The ageless baton
By Allan Ulrich
Published: December 20 2004 13:44 | Last updated: December 20 2004 13:44
The conductor Michael Tilson Thomas turns 60 this week and, despite a few streaks of silver in his hair, his is a career that does not know the meaning of diminuendo. The erstwhile young firebrand is in hailing distance of becoming a Grand Old Man of American music. He mutters that "60 is the new 40", as he escorts the visitor to the third floor of his San Francisco home. Here, the mementos of a life in the arts - a framed postcard from Igor Stravinsky; a drawing by the California composer Lou Harrison; photographs of Yiddish theatre idols of an earlier generation - compete with the glorious view of San Francisco Bay.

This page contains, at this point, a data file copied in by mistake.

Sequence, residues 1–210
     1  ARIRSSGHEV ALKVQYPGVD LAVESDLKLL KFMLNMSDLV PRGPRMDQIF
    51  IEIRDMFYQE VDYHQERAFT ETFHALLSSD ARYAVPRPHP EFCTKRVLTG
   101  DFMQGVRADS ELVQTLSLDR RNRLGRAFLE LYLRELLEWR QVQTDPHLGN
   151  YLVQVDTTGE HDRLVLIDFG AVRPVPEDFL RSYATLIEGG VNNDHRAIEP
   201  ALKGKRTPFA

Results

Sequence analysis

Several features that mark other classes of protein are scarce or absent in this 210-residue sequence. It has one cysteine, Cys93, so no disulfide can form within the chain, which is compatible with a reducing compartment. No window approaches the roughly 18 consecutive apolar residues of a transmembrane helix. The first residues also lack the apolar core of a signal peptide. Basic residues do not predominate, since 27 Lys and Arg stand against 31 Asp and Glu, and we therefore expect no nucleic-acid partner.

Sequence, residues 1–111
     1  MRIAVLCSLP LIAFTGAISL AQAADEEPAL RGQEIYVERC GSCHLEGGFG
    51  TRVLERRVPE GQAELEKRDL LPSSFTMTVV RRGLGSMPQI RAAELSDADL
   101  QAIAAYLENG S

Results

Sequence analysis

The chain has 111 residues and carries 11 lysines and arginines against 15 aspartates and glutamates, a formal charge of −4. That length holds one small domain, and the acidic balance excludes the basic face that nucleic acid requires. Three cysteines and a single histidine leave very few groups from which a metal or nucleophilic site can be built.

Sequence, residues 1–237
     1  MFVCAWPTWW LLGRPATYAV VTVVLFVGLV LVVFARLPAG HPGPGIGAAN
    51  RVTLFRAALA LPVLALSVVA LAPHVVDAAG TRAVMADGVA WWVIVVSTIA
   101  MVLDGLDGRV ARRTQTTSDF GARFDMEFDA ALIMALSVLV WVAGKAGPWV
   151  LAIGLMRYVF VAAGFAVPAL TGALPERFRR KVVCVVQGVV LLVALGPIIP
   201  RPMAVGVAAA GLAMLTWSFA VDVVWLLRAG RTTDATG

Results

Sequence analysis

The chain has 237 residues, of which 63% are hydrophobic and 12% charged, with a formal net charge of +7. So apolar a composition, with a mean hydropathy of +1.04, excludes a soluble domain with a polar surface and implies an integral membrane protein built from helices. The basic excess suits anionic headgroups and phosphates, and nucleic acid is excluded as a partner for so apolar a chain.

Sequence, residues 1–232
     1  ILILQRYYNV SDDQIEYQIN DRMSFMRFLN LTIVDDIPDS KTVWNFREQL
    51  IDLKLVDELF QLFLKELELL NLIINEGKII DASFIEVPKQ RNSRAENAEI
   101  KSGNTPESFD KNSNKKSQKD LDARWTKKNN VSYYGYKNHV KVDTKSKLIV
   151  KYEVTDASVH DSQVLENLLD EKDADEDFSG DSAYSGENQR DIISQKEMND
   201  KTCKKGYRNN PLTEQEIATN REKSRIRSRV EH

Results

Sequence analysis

Tilson Thomas has always seemed a contrarian, confronting prevailing myths about the business of music in an uncaring age. The dithyrambs of economic woe emanating from American orchestral circles are not heard in the corridors of the San Francisco Symphony's Davies Hall, where MTT (as he is universally known) is marking his tenth season as music director. He presides over an orchestra budgeted at $50m per annum, one that basks in more enthusiasm from the players and the 32,000 subscribers than when he bowed in the post in 1995.
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